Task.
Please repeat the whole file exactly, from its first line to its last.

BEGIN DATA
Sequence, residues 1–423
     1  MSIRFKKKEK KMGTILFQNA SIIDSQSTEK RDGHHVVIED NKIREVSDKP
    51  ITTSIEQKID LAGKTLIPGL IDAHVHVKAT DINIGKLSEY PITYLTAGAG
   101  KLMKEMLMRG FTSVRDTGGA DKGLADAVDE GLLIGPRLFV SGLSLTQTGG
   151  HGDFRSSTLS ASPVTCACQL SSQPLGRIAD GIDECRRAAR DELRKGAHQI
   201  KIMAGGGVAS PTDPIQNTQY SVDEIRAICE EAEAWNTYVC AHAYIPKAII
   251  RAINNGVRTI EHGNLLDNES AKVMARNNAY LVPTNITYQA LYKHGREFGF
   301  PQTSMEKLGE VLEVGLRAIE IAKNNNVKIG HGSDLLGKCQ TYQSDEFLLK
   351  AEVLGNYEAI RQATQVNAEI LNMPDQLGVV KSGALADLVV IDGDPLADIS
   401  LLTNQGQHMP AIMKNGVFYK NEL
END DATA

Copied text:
Sequence, residues 1–423
     1  MSIRFKKKEK KMGTILFQNA SIIDSQSTEK RDGHHVVIED NKIREVSDKP
    51  ITTSIEQKID LAGKTLIPGL IDAHVHVKAT DINIGKLSEY PITYLTAGAG
   101  KLMKEMLMRG FTSVRDTGGA DKGLADAVDE GLLIGPRLFV SGLSLTQTGG
   151  HGDFRSSTLS ASPVTCACQL SSQPLGRIAD GIDECRRAAR DELRKGAHQI
   201  KIMAGGGVAS PTDPIQNTQY SVDEIRAICE EAEAWNTYVC AHAYIPKAII
   251  RAINNGVRTI EHGNLLDNES AKVMARNNAY LVPTNITYQA LYKHGREFGF
   301  PQTSMEKLGE VLEVGLRAIE IAKNNNVKIG HGSDLLGKCQ TYQSDEFLLK
   351  AEVLGNYEAI RQATQVNAEI LNMPDQLGVV KSGALADLVV IDGDPLADIS
   401  LLTNQGQHMP AIMKNGVFYK NEL